The area is chained off from visitors during owl season (I believe it's roughly October to April). Signs advise viewers not to watch too long, which stresses the owls, nor to point at them, which might alert raptors. The area is riddled with ground squirrel burrows, which are just what burrowing owls like, though they are also apparently quite capable of digging their own holes.
The photo below shows the setting. It's not really what you'd expect, is it? -- although actually, according to the Cornell Lab of Ornithology, burrowing owls are notorious for showing up on golf courses, air fields, college campuses and other open grassy areas quite close to human activity. One even tried to take up residence on a cruise ship's mini-golf course a couple of years ago.
The little owl (they stand only about 8 to 9 inches high) is barely visible as a pale speck in front of a boulder close to dead center in the photo above. Can you see it? (Click on it to see it bigger.)
At the same park, we saw a beautiful white-tailed kite, which I've seen here before, perhaps the very same bird, as described as a highlight of the birds I saw in 2011:
My first white-tailed kite, seen hovering over dunes in a Berkeley, CA, bayside park in August -- a beautiful, medium-sized white hawk that at first I took to be yet another gull but whose hovering behavior caught my eye as something very different. This is a coastal bird, in the U.S. generally only to be seen along the west coast, the southern Texas gulf coast and the tip of Florida.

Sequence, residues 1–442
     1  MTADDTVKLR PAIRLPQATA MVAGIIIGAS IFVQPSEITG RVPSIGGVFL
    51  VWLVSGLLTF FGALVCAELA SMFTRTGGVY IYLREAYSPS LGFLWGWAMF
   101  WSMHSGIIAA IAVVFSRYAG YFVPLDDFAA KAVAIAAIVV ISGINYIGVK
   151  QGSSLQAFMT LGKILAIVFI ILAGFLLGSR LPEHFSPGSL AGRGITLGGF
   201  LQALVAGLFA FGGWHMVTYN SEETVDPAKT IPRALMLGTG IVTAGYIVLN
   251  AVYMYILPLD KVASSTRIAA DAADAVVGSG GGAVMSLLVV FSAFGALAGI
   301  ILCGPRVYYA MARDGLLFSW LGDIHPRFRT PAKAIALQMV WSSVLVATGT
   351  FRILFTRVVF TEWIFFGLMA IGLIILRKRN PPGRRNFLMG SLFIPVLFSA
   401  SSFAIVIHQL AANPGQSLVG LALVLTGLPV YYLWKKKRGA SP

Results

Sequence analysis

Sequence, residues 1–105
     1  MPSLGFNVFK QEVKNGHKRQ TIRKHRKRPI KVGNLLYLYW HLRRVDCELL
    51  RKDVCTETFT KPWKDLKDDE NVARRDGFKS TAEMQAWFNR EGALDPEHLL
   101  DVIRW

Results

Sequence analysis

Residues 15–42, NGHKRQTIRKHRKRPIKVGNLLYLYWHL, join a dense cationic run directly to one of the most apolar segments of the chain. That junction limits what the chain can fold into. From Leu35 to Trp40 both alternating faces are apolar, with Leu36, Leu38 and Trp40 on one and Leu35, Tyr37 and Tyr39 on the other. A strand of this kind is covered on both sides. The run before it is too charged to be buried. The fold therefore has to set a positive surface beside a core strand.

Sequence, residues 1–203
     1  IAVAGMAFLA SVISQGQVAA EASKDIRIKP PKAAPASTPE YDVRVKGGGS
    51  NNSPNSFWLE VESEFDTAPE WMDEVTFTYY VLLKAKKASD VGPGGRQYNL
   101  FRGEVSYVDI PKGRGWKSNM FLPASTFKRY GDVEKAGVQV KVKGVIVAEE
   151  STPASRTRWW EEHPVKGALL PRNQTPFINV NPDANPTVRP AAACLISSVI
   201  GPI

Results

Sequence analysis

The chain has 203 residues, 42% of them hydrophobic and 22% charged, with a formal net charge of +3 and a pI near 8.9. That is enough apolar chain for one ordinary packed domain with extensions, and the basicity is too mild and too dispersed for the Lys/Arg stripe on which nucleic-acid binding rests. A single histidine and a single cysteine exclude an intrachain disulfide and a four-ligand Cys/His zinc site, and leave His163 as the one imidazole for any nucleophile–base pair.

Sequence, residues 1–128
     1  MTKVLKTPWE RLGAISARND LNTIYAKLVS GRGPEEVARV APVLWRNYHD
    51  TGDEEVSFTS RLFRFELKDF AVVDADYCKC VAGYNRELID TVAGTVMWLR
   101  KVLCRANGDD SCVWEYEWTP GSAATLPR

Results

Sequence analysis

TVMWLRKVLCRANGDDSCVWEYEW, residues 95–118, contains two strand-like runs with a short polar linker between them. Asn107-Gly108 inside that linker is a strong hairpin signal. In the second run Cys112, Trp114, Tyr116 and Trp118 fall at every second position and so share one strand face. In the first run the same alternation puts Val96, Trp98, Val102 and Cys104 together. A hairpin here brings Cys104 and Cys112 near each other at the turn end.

I wish these cropped photos were clearer, but though hovering the bird was still moving. The first time I saw it (presuming it's the same bird as in 2011, which of course it might not be), the dark tips to the wings and its raptor head helped me identify it. There is also a distinctive black spot near the bend in each wing, visible above.
The Cornell Lab describes the kite's distinctive hovering:
While hunting, the White-tailed Kite characteristically hovers up to 80 feet off the ground and then drops straight down onto prey items [almost entirely small mammals]. This ability to hold a stationary position in midair without flapping is accomplished by facing into the wind, and is so characteristic of these birds that it has come to be called kiting. White-tailed Kites also perform ritualized courtship displays in which a male offers prey to a female prior to egg laying. In an often spectacular aerial exchange, the female flies up to meet the male, turns upside-down, and grasps the prey.The word kite, which nonbirders mostly associate with the colorful toys we fly on the end of long strings, was used for the bird first; the toy very likely got its name from the way it hovers like a kite. (See, e.g., http://www.etymonline.com/index.php?term=kite.)
I came to this park in August 2011 with my son, both of us keen to see the burrowing owls we had read were to be found here. (They can be found in a few places in the western prairies of Minnesota, at the eastern edge of their range except for some outliers in Florida, but they are a state endangered species according to the Minnesota DNR.) Sadly, we learned that we were there at the wrong season; we had no chance of seeing a burrowing owl in Berkeley in August. So when I had an opportunity to go again last week, I had to see if I could finally see my lifer burrowing owl. I hope my son gets to see his before too long.